TED Conversations

Jordan Stella


This conversation is closed.

Should the U.S. continue to employ Affirmative Action, or should private schools be allowed to discriminate?

Affirmative action refers to policies that take factors including "race, color, religion, gender, sexual orientation or national origin" into consideration in order to benefit an underrepresented group, usually as a means to counter the effects of a history of discrimination. (Wikipedia definition). In the U.S., these policies have led to an increasingly difficult situation for students applying to college; both types of universities (public and private) are being subjected to these outlandish policies which, in my opinion, represent the government overstepping its boundaries.

By definition, a private university is PRIVATE; it exists thanks to the donations of private investors, not thanks to government grants. These types of schools should not be subject to the same principles as public schools, since they are not government-run. Just like every individual is born with certain inalienable rights, so to are corporations or groups formed inside a free society. A private group should be able to discriminate if it so chooses.

Further, affirmative action attempts to make up for past wrongs by committing the same deed. By giving favor to minorities, one is still separating them from the rest of the population, and ultimately is discriminating against those not of the minority groups. Some people call this positive discrimination, but in my book discrimination is discrimination and should be stopped.


Showing single comment thread. View the full conversation.

  • thumb
    Aug 12 2011: I do not know if people have mentioned this, but in order to have a clear stance on the issue one must first look at the foundation that causes these problems. Often students of color come from under-served communities, for example the Los Angeles Unified school district has had massive budget cuts which have done a great deal of damage to the quality of education students receive, therefore they go on ill-prepared for college. These under-served communities have families which live in poverty stricken communities, therefore the students must go on and get jobs during their high school years which drastically affects their performance in high school. How can a student build up a competitive profile for college when this student is often trying to find a way to help his family earn money for rent or other expenses? The struggling student has to be given some kind of break, because that person was not born into a middle class or elite class family that did not need help paying bills, therefore granting him all the time in the world to focus on his studies and create a competitive profile. The reason I focus on students of color is because the majority of these students live in under-served communities.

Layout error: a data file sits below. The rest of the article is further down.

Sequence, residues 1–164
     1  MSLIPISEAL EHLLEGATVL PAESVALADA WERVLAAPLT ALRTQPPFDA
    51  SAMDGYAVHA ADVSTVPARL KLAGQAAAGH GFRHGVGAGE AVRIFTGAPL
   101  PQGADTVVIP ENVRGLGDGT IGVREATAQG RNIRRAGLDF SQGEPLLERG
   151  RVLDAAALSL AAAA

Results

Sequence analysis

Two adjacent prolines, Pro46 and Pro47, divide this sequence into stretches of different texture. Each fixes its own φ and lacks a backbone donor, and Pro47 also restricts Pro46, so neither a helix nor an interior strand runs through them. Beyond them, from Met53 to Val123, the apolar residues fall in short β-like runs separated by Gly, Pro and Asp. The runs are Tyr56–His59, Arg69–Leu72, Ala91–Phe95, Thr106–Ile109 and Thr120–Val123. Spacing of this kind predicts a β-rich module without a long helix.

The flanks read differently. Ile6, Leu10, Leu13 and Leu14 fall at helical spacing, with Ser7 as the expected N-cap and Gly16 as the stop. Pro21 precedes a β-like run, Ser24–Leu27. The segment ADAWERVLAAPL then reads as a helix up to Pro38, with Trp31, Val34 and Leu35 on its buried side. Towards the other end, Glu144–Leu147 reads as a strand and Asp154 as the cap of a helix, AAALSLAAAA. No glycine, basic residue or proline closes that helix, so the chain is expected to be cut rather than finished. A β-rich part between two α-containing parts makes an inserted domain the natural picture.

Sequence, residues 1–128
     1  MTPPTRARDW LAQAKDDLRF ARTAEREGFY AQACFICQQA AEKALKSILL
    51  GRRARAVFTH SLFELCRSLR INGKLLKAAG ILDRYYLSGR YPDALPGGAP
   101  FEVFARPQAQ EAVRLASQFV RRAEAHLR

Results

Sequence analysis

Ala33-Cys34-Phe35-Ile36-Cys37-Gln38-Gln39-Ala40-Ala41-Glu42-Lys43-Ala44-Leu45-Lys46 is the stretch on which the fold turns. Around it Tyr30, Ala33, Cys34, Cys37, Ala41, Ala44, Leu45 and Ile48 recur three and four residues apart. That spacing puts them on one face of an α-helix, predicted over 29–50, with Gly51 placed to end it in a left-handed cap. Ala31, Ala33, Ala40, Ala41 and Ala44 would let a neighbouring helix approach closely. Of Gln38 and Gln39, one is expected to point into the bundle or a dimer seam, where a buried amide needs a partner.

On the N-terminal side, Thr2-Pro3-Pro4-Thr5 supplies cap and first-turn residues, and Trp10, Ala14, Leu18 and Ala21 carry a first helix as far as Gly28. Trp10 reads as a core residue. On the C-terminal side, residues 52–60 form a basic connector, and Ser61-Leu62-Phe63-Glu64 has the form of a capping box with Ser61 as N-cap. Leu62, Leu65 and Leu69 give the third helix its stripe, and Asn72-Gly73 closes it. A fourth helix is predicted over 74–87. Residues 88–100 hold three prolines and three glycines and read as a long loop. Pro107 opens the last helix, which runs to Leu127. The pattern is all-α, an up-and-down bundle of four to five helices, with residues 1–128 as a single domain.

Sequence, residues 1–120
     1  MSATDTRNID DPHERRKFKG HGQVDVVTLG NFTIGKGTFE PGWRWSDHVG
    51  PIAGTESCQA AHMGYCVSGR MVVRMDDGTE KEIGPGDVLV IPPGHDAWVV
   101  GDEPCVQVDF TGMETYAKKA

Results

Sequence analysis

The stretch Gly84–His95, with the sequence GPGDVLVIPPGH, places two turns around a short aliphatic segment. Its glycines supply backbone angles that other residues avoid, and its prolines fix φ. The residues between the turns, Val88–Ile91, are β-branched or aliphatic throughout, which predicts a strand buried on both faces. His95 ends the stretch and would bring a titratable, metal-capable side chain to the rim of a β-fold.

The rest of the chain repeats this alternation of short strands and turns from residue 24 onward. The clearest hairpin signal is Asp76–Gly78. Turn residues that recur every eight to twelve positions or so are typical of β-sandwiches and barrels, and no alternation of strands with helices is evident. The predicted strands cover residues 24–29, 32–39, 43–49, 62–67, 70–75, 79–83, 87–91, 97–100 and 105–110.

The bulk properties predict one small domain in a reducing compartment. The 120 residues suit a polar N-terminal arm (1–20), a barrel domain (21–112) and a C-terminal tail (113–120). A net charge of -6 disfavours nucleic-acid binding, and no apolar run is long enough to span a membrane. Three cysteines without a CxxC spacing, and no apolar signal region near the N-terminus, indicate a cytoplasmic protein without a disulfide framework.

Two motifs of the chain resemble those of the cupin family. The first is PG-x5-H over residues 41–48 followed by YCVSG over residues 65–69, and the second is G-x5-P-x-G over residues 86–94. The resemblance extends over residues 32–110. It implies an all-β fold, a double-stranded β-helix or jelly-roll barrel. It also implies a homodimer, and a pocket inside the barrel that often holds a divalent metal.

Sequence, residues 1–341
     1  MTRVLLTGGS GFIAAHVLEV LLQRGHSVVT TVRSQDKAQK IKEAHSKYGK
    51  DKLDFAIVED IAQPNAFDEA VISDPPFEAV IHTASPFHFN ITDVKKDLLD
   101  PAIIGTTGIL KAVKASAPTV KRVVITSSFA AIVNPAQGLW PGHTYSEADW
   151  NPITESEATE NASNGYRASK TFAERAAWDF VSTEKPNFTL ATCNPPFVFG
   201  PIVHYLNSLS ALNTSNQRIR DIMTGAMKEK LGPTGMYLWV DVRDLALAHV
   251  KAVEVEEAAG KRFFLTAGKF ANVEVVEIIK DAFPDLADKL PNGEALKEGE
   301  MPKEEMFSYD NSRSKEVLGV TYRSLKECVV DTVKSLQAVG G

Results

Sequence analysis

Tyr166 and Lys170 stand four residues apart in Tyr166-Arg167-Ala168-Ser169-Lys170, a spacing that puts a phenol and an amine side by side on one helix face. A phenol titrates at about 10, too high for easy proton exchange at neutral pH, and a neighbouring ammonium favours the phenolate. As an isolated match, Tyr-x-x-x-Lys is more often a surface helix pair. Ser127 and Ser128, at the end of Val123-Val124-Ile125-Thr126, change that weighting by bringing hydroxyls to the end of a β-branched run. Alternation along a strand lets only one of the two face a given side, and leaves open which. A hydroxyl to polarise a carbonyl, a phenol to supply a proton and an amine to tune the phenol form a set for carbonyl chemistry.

• thumb
      Aug 12 2011: Alternatively, we can allow nature to take its course. We do not need to provide for everyone. Everyone has the right to live their life; the government should not be obligated to help some and not help others. We could always let those in underprivileged areas not go to college, and they could go on the become working citizens. Blue collar, but still working.

      I'm playing devil's advocate here.
      • Aug 12 2011: Let nature take its course? Oh please. Social Darwinism is dead and buried thank god. Maybe nature should take its course weed out the "bad seed" huh? Devil's advocate or not, how about you being "blue collar" and allowing someone the privilege then of being educated. That would be nice. People deserve help. Yes, I came from a blue collar background, yes, I struggled and was able to obtain much more. Society is not about nature taking its course, but looking out "for the common welfare". Remember, that phrase is in the Constitution also.
        • thumb
          Aug 12 2011: Social Darwinism is dead? Since when?

          I was not implying that anyone should be "weeded out", I was just saying that the government should not decide who to help and who not to help. Ok, so you want to help underprivileged children, that's fine, but the government should not be the ones funding it.

          Who gets to decide who is underprivileged? At least the colleges I applied to had financial aid brackets set in so if your combined family income is less than $65,000 then you pay nothing for college, since you are underprivileged. How is it fair to just say anyone below that is free, above it you have to pay? I don't believe anyone has the right to label people as underprivileged, privileged, in need, or not in need.

Showing single comment thread. View the full conversation.